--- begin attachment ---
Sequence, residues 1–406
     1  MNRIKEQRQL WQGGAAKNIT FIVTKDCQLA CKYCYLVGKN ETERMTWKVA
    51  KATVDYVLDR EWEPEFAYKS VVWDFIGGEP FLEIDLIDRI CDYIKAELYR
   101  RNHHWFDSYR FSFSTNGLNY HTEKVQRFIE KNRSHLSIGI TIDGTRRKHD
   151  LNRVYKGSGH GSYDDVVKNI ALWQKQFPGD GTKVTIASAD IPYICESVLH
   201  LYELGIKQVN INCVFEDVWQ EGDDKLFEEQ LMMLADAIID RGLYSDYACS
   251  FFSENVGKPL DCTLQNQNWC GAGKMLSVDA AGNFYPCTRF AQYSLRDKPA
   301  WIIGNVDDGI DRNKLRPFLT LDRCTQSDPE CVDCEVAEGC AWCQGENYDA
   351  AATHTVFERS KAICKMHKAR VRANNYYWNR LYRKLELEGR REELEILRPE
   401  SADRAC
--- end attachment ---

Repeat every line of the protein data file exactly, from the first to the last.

Sequence, residues 1–406
     1  MNRIKEQRQL WQGGAAKNIT FIVTKDCQLA CKYCYLVGKN ETERMTWKVA
    51  KATVDYVLDR EWEPEFAYKS VVWDFIGGEP FLEIDLIDRI CDYIKAELYR
   101  RNHHWFDSYR FSFSTNGLNY HTEKVQRFIE KNRSHLSIGI TIDGTRRKHD
   151  LNRVYKGSGH GSYDDVVKNI ALWQKQFPGD GTKVTIASAD IPYICESVLH
   201  LYELGIKQVN INCVFEDVWQ EGDDKLFEEQ LMMLADAIID RGLYSDYACS
   251  FFSENVGKPL DCTLQNQNWC GAGKMLSVDA AGNFYPCTRF AQYSLRDKPA
   301  WIIGNVDDGI DRNKLRPFLT LDRCTQSDPE CVDCEVAEGC AWCQGENYDA
   351  AATHTVFERS KAICKMHKAR VRANNYYWNR LYRKLELEGR REELEILRPE
   401  SADRAC